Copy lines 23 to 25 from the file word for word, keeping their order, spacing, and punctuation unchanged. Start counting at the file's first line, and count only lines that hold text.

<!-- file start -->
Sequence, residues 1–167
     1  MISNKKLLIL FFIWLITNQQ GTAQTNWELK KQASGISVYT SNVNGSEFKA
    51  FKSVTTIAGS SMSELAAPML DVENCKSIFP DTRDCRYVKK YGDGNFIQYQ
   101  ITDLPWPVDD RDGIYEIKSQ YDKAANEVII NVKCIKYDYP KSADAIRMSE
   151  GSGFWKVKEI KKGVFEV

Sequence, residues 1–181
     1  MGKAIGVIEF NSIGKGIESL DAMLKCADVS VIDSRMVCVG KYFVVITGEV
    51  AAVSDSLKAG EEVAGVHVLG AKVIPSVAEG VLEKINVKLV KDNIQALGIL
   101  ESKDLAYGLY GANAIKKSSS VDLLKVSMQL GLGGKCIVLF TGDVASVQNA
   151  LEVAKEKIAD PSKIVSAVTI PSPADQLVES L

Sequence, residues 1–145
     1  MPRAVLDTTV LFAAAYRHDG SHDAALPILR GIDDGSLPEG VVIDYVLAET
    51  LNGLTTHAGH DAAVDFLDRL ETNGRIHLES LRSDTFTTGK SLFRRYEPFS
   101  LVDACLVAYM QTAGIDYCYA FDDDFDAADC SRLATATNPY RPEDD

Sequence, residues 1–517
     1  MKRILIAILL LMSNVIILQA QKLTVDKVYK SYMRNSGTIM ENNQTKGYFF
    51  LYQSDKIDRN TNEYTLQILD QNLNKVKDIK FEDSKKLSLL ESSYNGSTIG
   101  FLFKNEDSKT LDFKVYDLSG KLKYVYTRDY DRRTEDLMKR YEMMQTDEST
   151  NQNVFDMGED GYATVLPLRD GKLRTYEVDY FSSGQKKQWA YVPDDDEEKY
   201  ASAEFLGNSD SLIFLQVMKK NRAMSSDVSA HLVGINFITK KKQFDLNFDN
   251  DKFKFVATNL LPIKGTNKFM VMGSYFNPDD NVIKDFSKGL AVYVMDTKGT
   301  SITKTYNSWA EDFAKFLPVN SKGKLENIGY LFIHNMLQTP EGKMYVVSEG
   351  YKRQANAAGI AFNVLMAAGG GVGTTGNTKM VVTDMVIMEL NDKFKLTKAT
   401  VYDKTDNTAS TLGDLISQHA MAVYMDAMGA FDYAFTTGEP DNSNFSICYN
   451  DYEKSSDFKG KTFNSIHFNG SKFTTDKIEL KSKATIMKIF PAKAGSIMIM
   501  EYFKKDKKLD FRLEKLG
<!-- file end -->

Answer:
   351  YKRQANAAGI AFNVLMAAGG GVGTTGNTKM VVTDMVIMEL NDKFKLTKAT
   401  VYDKTDNTAS TLGDLISQHA MAVYMDAMGA FDYAFTTGEP DNSNFSICYN
   451  DYEKSSDFKG KTFNSIHFNG SKFTTDKIEL KSKATIMKIF PAKAGSIMIM